10: Application: Where the rubber hits the road

Reading Scripture is only faithful to the goal of Scripture (to change lives and draw us nearer to God) when it is applied to life. This section will give some simple tips for powerful application that is faithful to Scripture yet relevant today. If I cook a nice meal I would be most disappointed if none of the family ate it, however delicious they said it looked. Scripture is made up of writings that aim to change people, to help them draw nearer to God, if reading the Bible does not change how we live it is worthless by the one criterion that matters.

So, having spotted the main thing a passage was saying, its “point” (see this earlier article), and from that identified the timeless truth that undergirded the passage (see the previous article), how do we apply that truth today to change lives?

Psychology 101

Photo by Anthony Topper
Photo by Anthony Topper

Many preachers and Bible study leaders seem to believe that making the application as general as possible makes it more powerful. In fact the reverse may be true. Show a human being a rule, and we will tell you ways in which it does not apply to us. At Carey there was a rule that one ought not to park on the grass. On a rainy day when the carpark was full there were always cars on the grass. Some were teachers or students late for an important class – and therefore “exceptions” to the rule. Others were parents bringing children to the creche on a Tuesday (the day the carpark was most often full) – who, of course were worthy “exceptions”. Almost anyone could find a “good” reason…

General rules often fail to motivate us to good behaviour. On the other hand humans are natural storytellers and hearers. Tell a story and people identify with the characters. Avid readers of fiction will recognise this as a truth universally acknowledged.

So, make your application a “story”.

Real people and real magic

The Boyhood of Raleigh by Sir John Everett Millais, oil on canvas, 1870.
The Boyhood of Raleigh by Sir John Everett Millais, oil on canvas, 1870.

Duval and Hays (in Journey into God’s Word) suggest forming a “scenario” (a concrete illustration of the principle), which should be as realistic as possible. Ideally a true story – perhaps with names and other identifying details changed to protect people. If it is not true, then it should “ring true” (be a story we can believe would happen). If Jane, the central character, is not someone you know (under another name) then she should still be thoroughly believable. Give details as well as a name, so that people can imagine the person. Then tell how the principle (from the Bible passage) worked out in Jane’s life.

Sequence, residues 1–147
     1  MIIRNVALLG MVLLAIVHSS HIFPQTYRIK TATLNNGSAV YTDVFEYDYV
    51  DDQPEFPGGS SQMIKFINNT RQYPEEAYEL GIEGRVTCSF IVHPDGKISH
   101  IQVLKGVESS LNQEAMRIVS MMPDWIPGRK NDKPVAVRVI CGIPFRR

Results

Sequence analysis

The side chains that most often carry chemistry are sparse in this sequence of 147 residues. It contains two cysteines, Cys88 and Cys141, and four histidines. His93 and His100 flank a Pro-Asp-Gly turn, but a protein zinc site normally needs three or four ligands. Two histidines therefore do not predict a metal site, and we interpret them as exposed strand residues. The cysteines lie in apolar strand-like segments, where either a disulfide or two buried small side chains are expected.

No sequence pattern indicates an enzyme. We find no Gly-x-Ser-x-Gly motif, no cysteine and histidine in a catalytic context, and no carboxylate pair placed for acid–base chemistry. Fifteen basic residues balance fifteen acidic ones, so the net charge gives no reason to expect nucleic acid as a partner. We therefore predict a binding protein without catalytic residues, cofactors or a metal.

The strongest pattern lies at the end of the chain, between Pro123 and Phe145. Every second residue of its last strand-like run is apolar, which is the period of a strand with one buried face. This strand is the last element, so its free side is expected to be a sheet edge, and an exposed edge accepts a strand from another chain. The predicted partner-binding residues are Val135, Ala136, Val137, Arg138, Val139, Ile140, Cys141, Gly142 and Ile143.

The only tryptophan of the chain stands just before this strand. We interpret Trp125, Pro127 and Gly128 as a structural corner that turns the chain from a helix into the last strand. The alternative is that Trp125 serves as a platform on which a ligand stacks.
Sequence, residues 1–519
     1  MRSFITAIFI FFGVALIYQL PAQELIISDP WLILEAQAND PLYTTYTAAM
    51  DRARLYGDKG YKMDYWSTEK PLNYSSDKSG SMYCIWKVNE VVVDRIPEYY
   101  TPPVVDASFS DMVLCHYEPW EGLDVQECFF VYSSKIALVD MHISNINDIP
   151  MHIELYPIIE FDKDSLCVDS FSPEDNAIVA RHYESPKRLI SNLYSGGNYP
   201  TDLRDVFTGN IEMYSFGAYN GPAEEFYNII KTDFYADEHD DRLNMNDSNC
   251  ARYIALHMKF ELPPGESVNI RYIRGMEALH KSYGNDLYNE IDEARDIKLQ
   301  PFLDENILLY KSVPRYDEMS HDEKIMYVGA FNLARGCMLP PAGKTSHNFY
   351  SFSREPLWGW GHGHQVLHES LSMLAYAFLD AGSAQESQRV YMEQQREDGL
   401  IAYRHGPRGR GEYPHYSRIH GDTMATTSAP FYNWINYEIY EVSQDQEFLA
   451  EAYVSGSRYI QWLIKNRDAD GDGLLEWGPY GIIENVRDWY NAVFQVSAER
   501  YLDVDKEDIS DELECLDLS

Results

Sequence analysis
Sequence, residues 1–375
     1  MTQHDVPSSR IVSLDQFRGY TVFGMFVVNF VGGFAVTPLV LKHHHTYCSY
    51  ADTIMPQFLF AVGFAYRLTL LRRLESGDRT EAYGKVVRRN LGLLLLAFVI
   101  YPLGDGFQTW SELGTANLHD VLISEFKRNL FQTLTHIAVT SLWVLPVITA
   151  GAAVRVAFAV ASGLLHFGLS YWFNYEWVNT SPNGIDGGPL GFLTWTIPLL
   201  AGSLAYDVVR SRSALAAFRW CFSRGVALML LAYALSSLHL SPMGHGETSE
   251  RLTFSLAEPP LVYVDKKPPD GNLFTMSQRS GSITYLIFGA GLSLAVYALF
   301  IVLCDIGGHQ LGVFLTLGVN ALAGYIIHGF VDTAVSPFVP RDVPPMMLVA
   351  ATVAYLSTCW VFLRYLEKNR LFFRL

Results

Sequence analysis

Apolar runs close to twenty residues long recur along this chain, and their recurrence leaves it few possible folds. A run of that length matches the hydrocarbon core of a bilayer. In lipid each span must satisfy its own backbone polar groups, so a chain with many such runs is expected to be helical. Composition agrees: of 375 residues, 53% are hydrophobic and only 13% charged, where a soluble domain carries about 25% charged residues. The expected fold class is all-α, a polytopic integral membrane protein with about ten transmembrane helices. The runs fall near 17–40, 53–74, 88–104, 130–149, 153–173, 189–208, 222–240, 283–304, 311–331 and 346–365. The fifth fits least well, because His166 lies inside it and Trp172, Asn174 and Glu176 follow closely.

This is where the magic of stories happens. Even if Jane is an Asian teenager, and your listener is a middle-aged Pakeha (NZer of European origin or descent), somehow he will identify with her joys and pains. Her story will work on him. He will apply the principle to his own circumstances, having “seen” it apply to hers.

Now it is true that it is easier to identify with “people like us”, and our audiences are usually varied. So, don’t just think up one “scenario”, work out two or even three. Fill them with details, but above all make sure the theological truth (from Scripture) is clearly at work in the details of their lives. Your audience is more likely to generalise it to themselves.

Application in practice

This week I’ve been marking students exegeting (studying and explaining) Gen 15. There, after Abraham’s victory over the kings has been celebrated by Melchisedek, king of Salem, God again comes to speak with Abraham. At 85, Abraham is beginning to wonder if God’s promise of offspring is going to be realised. God not only reaffirms his promise, but seals a solemn covenant to confirm it.

The students spotted that the passage was “about” God showing Abraham that his promises are true and reliable (even when their fulfillment does not seem likely). One suggested that this passage: “stirs its audience to develop a trust in God, one that can stand firm despite severe doubts.”

However the majority of “applications” ran something like this: when we doubt God’s promises we should trust them because he has shown himself trustworthy.

Adoniram JudsonIt is more powerful to tell the story of Adoniram Judson. A few years ago I was invited to teach at a Bible School in the largest refugee camp on the border of Burma. About 40% of people in the camp are Christian. When we got there we heard that they trace this astonishing church back to an American Baptist missionary Adoniram Judson. Yet three years after Judson went to Burma, he still had not baptised his first convert. Someone asked what evidence he had that his work would ever bear fruit. He replied: “As much as there is a God who will fulfill all His promises.”

It was another three years before the first convert was baptised. Yet because of his trust in God’s promises Judson lived to see a hundred churches and thousands of converts, and today there are still new churches being planted in Thailand as a result of Judson’s trust in God’s promises.

We too can trust God’s promises to us.


Take this principle that God keeps promises and either remember or construct scenarios that illustrates this truth. Make them concrete and real(istic)!